Rhapsody Streamnotes: October 5, 2011

Once again, the good stuff has mostly been flagged by others -- I hadn't noticed BLNRB or Note of Hope before they appeared at Expert Witness, and Das Racist and Girls were much talked about (also Wild Flag, which like all its kin I dislike more than my begrudging grades suggest). But I haven't read much about the Mekons -- which strikes me as a year-end list lock -- nor my two country picks: while I worry that I overrated Lydia Loveless, the Connie Smith is real solid -- at least if your roots in country music are deep enough to include someone like Carl Smith. More EW (and DD) picks below the top line: they don't always work for me, but I take their recommendations seriously, so they'll continue to make up a large chunk of this report. Then there's the other stuff: kissed a lot of frogs this month. One thing I noticed, though, is the grades mostly bottom out at B (the grade I was originally tempted to give Mastodon). One advantage of working so fast is you quickly skip over minor annoyances and don't really dwell on how bad a record can be.

These are short notes/reviews based on streaming records from Rhapsody. They are snap judgments based on one or two plays, accumulated since my last post along these lines, back on September 6. Past reviews and more information are available here.

Afrikan Sciences: Means and Ways (2011, Deepblak): Oakland outfit, beats up front, some with a little synth backdrop, some with more beats. B+(**)

Apparat: The Devil's Walk (2011, Mute): German techno producer Sascha Ring, has been cranking out product since 2001, moves away from dance toward a fairy tale pop motif with songs and vocals -- the latter are the rub. More pleasing toward the end when his textures come to the fore. B

Katy B: On a Mission (2011, Columbia): Young disco diva, only British so factor in that accent -- a thing of wonder especially when she breaks out to thank everyone from her mum to you the listener for helping with her mission -- and throw in some dubstep beats too. Doesn't amount to much, but not anything I can get worked up about. B+(*)

BLNRB: Welcome to the Madhouse (2011, Out Here): German technocrats go to Kenya and pick up rappers to go with beats they recycled from all over the diaspora. Like many various artist comps, this goes on long enough to find a weak link or two -- near the end where the dub wins out, not that it matters much. A-

Blood Orange: Coastal Grooves (2011, Domino): Devonte Hynes project, formerly recorded two albums as Lightspeed Champion. Has an attractive groove, synth beats and what, but can't get much of the story line -- strippers, transvestites, something like that. B+(*)

Bombay Bicycle Club: A Different Kind of Fix (2011, Island): English guitar band, group harmony vocals, third album since 2009. Pleasant enough, but can't think of anything interesting to say about them. B

A.A. Bondy: Believers (2011, Fat Possum): From Alabama, initials stand for Auguste Arthur. Third album, black and white cover, streetlights at night. Goes for his nocturnal vibe by showing down and cranking up the reverb. B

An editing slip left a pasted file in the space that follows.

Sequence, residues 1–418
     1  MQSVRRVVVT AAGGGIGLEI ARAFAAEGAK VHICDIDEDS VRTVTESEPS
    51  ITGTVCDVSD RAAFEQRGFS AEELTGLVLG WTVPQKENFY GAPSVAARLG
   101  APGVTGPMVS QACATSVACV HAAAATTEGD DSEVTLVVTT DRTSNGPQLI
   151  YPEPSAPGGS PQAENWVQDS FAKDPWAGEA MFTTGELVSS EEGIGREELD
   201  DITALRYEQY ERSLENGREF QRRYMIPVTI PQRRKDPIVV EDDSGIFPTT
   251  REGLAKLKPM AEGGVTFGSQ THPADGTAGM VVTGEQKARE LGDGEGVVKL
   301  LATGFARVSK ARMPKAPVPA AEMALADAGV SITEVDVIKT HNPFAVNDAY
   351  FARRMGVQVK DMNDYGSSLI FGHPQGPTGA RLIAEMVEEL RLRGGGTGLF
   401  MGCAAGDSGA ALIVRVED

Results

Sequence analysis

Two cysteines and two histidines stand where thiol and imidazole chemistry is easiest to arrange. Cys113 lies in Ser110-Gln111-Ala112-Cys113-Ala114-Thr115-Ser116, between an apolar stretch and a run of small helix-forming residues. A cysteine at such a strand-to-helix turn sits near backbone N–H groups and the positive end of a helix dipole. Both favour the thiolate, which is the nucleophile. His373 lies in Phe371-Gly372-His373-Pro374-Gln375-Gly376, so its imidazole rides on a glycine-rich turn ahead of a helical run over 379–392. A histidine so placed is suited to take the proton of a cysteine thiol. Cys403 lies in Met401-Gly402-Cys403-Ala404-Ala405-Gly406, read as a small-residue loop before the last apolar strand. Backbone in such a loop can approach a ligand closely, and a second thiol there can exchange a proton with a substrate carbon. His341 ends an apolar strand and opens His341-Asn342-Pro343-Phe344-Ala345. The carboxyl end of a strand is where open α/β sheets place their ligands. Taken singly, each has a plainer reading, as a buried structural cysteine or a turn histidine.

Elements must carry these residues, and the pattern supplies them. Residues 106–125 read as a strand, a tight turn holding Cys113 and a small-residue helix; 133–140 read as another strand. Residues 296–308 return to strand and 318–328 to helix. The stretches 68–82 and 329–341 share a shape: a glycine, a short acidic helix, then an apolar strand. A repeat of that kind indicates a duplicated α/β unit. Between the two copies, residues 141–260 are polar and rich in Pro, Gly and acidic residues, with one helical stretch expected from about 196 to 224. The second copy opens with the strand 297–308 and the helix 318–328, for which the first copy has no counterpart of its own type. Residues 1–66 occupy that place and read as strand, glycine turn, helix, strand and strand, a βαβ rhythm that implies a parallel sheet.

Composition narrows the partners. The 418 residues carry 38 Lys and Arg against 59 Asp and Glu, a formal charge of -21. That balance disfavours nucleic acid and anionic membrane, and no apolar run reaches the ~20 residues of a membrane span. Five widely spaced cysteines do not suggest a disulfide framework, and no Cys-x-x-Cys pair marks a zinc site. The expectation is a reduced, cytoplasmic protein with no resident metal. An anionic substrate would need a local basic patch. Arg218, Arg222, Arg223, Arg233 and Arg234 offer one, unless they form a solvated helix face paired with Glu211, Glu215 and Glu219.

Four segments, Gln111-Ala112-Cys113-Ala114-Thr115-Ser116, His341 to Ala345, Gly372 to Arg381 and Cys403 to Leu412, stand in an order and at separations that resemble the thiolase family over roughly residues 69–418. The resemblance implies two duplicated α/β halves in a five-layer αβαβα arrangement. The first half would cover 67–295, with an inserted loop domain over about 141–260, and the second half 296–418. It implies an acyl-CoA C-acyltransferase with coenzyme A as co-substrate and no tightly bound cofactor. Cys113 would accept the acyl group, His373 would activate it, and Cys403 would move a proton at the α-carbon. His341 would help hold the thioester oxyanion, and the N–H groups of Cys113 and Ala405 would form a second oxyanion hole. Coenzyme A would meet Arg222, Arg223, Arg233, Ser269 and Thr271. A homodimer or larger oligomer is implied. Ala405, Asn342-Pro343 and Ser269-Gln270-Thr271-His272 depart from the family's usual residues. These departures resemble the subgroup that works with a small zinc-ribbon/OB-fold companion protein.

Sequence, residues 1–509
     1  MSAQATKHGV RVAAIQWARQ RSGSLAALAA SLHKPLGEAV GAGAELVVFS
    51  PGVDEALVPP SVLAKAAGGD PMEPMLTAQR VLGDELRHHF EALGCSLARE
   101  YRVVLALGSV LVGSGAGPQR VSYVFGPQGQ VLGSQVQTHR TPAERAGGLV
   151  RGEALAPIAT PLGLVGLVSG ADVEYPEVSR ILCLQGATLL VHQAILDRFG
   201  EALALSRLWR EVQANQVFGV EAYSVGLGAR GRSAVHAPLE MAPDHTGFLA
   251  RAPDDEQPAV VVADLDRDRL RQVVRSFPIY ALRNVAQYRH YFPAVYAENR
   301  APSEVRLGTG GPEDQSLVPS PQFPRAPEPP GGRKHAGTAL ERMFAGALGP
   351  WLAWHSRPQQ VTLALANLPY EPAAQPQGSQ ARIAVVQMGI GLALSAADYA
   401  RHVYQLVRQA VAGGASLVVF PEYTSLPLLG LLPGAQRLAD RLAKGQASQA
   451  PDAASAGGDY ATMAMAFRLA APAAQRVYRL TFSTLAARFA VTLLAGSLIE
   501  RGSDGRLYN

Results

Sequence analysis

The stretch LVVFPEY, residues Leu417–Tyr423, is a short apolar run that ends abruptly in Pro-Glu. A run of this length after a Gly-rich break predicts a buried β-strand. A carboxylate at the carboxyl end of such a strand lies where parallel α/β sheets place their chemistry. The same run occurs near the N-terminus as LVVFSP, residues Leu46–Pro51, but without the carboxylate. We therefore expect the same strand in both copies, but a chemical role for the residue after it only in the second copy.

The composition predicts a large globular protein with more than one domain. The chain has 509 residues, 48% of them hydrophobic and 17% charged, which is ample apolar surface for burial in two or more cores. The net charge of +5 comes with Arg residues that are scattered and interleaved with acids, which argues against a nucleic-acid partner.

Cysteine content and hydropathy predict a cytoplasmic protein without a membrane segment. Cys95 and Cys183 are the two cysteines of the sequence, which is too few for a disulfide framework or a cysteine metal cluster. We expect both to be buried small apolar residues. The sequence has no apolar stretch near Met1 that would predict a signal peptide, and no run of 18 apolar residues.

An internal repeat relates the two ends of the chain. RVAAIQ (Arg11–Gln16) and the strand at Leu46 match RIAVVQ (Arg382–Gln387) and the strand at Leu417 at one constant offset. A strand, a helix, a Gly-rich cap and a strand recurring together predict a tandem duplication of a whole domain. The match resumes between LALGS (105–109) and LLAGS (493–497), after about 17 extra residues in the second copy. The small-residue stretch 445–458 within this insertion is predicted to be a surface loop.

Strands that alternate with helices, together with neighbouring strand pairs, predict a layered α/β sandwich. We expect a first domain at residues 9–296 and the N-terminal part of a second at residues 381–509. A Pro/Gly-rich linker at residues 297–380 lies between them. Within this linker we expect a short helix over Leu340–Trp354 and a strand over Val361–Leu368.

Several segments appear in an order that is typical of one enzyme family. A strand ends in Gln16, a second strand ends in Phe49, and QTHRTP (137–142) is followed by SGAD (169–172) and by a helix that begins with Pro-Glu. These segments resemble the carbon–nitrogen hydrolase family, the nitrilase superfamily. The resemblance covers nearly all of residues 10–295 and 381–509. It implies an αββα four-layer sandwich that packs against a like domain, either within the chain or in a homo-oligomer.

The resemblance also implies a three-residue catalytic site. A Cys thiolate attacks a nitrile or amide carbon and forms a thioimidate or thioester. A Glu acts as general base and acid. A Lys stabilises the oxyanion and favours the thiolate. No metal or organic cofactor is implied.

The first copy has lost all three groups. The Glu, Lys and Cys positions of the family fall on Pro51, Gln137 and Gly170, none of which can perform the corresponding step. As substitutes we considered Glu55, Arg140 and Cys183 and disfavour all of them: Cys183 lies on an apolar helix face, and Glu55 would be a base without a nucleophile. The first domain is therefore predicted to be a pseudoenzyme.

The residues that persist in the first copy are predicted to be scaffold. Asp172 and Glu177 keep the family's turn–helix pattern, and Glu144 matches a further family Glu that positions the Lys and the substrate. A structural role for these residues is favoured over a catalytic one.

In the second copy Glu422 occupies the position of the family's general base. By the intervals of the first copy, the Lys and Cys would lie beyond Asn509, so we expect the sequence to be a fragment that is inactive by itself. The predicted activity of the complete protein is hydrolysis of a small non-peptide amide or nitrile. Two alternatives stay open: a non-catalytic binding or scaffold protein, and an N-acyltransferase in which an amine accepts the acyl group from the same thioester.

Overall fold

Jeff Bridges: Jeff Bridges (2011, Blue Note): Terrific actor, has racked up two music-themed movies -- The Fabulous Baker Boys and his Oscar-winning turn in Crazy Heart -- and now two music albums. Credited with writing 2.5 of 10 songs, so I'm not sure the singer-songwriter label applies. T-Bone Burnett produced, which should help. Only vaguely countryish at first although it drifts that way, the impression caused in no small part because I can't recall ever a country singer who brought such thin pipes to a record (not that my memory of Chet Atkins is all that vivid). Still, it gets rather decent as the songs settle in. B

Kate Campbell: Two Nights in Texas (2010 [2011], Large River Music): Singer-songwriter born on the cusp of the "new South" -- has written movingly about civil rights struggles although she would have been pretty young at the time. (B. 1961 in New Orleans, although my recollection places her in Alabama.) Has a steady stream of records since 1994 -- 2004's The Portable Kate Campbell is a good one to start with, but I haven't heard as many as I should. This one is live, which lets her recycle a few good ones. In one she notes that Jesus was "a Jew and a Palestinian too," then wonders what the centers of reaction might make of that -- namechecking Nashville, Wichita, Wall Street, Salt Lake City, and Boston. (Sounds like my life.) Come to think of it, this is another good one to start with -- although it is a little stopgap. B+(***)

Clap Your Hands Say Yeah: Hysterical (2011, Clap Your Hands Say Yeah): Had a terrific fresh-faced teen-rock debut in 2005, but my how fast they grow up, lose the beat, turn jaded and morose. Well, not morose, but not much fun either. Wonder what inspired the title? B

Das Racist: Relax (2011, Greedhead): Brooklyn rap trio, dropped two free downloads last year that got them a lot of attention, now come back with their official debut album. Bigger budget means louder beats -- as some point I figure they'll hook up with some metal group, make a really crappy album, then slink back into minimalism. But even thickened up they're still pretty idiosyncratic, and can run a world music feint and make it sound like Slim Gaillard. "Rainbow in the Dark" returns to White Castle, making me think they wanted to cash in on their "Combination Pizza Hut and Taco Bell" novelty, but this one goes further. A-